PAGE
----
Eating disorders affect several million people at any given time, most often women between the ages of 12 and 35. There are three main types of eating disorders: anorexia nervosa, bulimia nervosa and binge eating disorder.

source: psychiatry.org

Being such a complex group of disorders, it is very difficult to state for a fact or pin point what leads to an eating disorder. In many cases, eating disorders are coupled with some form of anxiety, obsessive compulsive disorder, panic, low self esteem and even drug and alcohol abuse. Approximately 95% of eating disorders occur in people ages 12 to 25 and several studies point to the idea that peer pressure and media influences play a big role here.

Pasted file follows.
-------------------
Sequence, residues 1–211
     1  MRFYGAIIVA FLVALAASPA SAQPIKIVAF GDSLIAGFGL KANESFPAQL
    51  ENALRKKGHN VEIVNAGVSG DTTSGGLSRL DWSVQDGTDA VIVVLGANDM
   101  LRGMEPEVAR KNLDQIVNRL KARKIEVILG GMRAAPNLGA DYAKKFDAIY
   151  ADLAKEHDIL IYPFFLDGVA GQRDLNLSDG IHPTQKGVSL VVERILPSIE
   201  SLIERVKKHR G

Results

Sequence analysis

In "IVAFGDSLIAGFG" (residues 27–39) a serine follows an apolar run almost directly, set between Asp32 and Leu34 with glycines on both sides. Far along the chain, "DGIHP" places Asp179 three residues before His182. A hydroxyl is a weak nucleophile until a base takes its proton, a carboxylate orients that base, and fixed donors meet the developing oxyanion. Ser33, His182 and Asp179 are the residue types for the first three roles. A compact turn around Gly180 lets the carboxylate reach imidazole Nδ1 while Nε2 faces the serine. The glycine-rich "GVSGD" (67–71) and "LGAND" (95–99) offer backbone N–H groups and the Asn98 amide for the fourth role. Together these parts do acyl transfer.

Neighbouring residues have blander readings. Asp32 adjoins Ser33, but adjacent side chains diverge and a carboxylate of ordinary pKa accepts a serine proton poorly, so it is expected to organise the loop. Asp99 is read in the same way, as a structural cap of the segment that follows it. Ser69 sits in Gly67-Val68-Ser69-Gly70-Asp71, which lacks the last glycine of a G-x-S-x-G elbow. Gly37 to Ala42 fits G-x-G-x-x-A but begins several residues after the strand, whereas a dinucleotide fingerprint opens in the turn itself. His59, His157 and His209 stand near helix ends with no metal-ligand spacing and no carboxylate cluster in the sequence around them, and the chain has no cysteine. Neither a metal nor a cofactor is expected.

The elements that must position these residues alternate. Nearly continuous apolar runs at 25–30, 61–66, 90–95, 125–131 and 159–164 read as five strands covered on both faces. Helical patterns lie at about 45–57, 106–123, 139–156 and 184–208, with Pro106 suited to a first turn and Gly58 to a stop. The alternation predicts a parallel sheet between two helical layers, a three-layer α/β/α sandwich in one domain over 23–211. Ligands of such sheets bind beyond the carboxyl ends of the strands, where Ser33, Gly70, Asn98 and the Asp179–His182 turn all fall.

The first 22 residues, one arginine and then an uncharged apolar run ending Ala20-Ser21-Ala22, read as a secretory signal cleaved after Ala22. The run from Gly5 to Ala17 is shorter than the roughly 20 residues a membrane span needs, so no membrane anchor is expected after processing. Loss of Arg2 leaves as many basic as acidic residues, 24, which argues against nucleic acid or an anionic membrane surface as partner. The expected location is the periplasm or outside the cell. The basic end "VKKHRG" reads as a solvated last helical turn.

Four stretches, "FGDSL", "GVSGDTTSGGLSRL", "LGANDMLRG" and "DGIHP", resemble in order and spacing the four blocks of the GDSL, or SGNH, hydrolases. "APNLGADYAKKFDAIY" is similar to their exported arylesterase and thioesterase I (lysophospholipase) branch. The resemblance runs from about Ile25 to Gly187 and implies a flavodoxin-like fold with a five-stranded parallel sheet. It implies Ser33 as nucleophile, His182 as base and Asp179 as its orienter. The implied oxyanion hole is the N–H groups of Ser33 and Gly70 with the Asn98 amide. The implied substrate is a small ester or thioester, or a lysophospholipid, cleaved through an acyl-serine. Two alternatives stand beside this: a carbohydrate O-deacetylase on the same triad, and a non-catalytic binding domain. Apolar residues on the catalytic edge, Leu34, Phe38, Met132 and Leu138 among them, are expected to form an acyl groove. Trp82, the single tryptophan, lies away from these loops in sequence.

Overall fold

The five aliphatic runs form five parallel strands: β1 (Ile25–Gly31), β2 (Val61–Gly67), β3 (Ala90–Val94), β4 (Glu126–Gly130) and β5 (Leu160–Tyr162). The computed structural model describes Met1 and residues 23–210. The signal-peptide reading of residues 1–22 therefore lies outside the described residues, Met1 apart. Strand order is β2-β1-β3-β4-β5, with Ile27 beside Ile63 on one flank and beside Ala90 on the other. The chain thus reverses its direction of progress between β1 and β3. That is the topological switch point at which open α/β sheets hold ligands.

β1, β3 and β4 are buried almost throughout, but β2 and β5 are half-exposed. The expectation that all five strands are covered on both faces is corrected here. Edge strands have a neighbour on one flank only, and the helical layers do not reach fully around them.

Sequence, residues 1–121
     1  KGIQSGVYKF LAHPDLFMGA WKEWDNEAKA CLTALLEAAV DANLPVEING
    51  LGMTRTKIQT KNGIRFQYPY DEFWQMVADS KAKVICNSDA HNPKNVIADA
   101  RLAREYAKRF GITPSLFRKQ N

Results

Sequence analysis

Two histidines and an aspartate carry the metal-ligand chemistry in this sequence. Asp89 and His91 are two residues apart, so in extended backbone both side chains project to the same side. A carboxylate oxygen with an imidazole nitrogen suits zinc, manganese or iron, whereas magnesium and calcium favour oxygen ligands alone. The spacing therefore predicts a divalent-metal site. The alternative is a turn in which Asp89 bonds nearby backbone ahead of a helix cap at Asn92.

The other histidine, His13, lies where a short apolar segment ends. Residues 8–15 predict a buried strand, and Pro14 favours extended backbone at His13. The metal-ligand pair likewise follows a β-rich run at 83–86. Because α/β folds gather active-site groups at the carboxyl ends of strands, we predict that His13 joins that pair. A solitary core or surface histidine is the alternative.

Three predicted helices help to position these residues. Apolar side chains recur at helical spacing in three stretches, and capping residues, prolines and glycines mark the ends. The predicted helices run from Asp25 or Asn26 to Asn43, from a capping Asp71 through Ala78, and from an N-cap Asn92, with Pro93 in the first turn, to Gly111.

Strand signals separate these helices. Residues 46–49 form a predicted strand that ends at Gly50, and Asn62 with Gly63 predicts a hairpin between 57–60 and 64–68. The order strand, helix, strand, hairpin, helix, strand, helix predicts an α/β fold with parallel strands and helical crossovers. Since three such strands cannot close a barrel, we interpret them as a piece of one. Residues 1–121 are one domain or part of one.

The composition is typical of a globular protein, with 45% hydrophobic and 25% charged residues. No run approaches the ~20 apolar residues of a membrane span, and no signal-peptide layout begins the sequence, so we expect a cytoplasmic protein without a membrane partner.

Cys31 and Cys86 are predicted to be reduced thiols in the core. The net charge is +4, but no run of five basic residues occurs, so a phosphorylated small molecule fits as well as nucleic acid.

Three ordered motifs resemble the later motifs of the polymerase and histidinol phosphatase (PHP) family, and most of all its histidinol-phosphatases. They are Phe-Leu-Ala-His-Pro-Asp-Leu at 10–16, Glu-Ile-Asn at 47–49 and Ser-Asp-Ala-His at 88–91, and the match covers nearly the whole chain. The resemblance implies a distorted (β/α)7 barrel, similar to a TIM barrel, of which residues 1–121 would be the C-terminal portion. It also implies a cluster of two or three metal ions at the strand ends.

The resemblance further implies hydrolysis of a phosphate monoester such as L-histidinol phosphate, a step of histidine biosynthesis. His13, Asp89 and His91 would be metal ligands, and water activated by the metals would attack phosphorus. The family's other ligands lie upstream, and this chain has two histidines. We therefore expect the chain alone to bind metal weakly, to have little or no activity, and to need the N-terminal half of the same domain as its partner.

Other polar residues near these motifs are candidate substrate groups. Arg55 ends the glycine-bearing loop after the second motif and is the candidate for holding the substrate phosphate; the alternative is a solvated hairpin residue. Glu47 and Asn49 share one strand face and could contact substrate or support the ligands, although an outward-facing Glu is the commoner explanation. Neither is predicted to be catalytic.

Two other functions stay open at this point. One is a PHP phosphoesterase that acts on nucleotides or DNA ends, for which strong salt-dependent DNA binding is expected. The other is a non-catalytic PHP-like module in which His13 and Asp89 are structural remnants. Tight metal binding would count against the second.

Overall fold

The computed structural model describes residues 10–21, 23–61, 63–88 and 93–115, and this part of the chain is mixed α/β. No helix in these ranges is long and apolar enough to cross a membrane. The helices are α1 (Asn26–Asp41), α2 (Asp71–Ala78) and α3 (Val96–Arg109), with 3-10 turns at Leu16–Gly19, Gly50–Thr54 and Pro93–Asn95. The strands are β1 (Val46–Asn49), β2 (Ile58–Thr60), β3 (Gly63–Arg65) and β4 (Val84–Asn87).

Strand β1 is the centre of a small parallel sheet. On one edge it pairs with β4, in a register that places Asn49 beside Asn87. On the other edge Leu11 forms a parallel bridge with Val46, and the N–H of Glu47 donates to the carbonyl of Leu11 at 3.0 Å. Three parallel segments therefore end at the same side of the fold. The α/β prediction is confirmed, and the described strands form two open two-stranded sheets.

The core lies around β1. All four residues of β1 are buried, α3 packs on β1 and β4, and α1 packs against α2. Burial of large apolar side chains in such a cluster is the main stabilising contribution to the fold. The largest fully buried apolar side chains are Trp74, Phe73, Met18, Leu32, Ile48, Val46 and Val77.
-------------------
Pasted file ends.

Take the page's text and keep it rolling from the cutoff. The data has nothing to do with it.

Always keep in mind that people with eating disorders come in all shapes, sizes, sexes, ages and races. While many people suffering from these disorders happen to be young women, this does not exclude any other segment of the population. People suffering from bulimia nervosa are not always thin, likewise, binge eaters are not always heavy. The danger of these invisible illnesses is both physical and psychological and can have a lasting negative impact on both and in extreme cases can even lead to death.

Developing an eating disorder is certainly not something that happens overnight; our relationship with food and with our bodies are highly complex ones that are constantly morphing as we grow older. Peer pressure and media certainly pay a role here and even more so in disordered eating (explained further below).